The California Air Resources Board, elected officials and industry recently celebrated the 2,000th Hybrid and Zero-Emission Truck and Bus Voucher, awarded to Redwood Products of Chino, a small business that invested in a clean, low-carbon hybrid delivery truck. Cleaner trucks mean fewer unhealthy diesel emissions.
The incentive program has contributed to air pollution reductions in neighborhoods throughout California. Since its launch in 2010, the Hybrid and Zero-Emission Truck and Bus Voucher Incentive Project (HVIP) has provided more than $63 million to help California fleets statewide purchase more than 430 zero-emission trucks and buses and 1,800 hybrid trucks and buses – and additional funding is on the way. Funding for this program is primarily supported through California Climate Investments, programs funded by the Greenhouse Gas Reduction Fund using proceeds from the state’s cap-and-trade auctions.
“Thanks to California Climate Investments, which support clean transportation programs like HVIP, our communities are getting an infusion of resources that help businesses buy low-carbon vehicles, support economic growth and help clean the air – all which will pay dividends for generations to come,” Air Resources Board Executive Officer Richard Corey said.
Redwood Products is the recipient of a $23,000 voucher, which covered close to one-third of the price of a low-carbon Hino hybrid truck. Based in Chino, Redwood Products provides mulch, wood chips and other products to nurseries and the landscape industry in five western states.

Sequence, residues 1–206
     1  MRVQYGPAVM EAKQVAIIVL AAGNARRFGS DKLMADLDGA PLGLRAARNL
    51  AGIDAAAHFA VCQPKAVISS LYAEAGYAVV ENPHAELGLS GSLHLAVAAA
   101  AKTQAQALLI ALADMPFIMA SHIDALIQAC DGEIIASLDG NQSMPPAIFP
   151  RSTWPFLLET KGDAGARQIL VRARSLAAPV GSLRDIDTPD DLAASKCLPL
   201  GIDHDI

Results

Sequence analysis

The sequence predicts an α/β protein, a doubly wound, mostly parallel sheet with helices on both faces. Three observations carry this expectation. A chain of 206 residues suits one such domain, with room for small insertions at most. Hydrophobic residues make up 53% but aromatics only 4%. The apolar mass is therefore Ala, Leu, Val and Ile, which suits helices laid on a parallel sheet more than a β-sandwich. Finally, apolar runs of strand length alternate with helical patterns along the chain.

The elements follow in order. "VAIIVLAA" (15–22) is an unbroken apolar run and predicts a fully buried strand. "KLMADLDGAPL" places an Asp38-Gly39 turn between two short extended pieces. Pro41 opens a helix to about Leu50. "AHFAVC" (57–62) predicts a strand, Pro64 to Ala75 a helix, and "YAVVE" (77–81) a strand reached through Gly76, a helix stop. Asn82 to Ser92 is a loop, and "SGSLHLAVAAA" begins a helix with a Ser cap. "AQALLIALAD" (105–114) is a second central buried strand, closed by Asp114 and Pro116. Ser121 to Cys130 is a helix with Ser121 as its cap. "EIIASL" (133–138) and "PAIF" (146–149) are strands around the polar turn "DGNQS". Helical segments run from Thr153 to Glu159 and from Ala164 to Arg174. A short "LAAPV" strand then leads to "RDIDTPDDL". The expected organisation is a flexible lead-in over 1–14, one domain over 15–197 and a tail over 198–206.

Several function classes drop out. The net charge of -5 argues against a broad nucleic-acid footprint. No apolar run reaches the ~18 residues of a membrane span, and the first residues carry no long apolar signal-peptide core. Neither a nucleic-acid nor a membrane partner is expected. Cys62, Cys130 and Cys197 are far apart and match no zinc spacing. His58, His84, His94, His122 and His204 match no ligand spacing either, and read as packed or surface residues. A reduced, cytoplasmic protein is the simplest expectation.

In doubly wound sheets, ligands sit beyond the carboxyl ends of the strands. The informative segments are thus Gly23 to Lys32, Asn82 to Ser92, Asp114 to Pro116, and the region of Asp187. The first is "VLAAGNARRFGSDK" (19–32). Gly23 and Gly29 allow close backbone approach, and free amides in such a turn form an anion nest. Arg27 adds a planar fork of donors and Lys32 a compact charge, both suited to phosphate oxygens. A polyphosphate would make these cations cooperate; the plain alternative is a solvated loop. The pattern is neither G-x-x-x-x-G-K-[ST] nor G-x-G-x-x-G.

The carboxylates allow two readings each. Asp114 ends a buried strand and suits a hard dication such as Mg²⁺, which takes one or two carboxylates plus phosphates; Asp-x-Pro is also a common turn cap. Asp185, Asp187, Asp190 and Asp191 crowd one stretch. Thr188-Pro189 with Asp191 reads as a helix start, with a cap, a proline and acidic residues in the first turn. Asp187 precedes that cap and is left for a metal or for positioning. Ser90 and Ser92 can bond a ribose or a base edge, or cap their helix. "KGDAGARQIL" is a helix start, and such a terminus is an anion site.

Those who gathered to mark the occasion included Senator Connie M. Leyva; Mr. Christopher Craig, a representative for Assemblyman Freddie Rodriguez; California Air Resources Board Member Barbara Riordan; and representatives from Redwood Products, Hino Trucks, CALSTART, Rush Truck Center and the South Coast Air Quality Management District.
HVIP is the nation’s first program to directly reduce the up-front cost of hybrid or zero-emission trucks and buses. HVIP incentives drive manufacturing production and fleet acceptance of the advanced heavy-duty vehicle technologies California must deploy to meet its long-term air quality and climate goals. Consumer incentives are needed because these products generally cost more than their conventional counterparts, which can be a significant deterrent to their purchase. This streamlined approach – with eligible vehicles and preset voucher amounts available on a first-come, first-served basis – has proven popular with vehicle dealers, manufacturers, and California fleets.
The program provides vouchers of up to $95,000 for California purchasers and lessees of zero-emission trucks and buses, and up to $30,000 for eligible hybrid trucks and buses on a first-come, first-served basis. HVIP also provides incentives of up to $110,000 for zero-emission trucks that provide benefits to disadvantaged communities.
The ARB in June approved a $373 million funding plan that covers all investments in advanced technologies for fiscal year 2015-16, from zero-emission heavy-duty trucks to rebates for low- and zero-emission passenger vehicles. The bulk of the $373 million — $350 million — comes through California Climate Investments. These low-carbon transportation investments include $200 million for light-duty vehicles and $167.5 million for heavy-duty vehicle and freight-equipment projects, including vouchers to help support the purchase of hybrid and zero-emission trucks and buses.
For more information about HVIP, click here. For information about ARB’s fiscal year 2015-16 Funding Plan for Low Carbon Transportation Investments and the Air Quality Improvement Program, click here. For a press release about the Funding Plan, click here.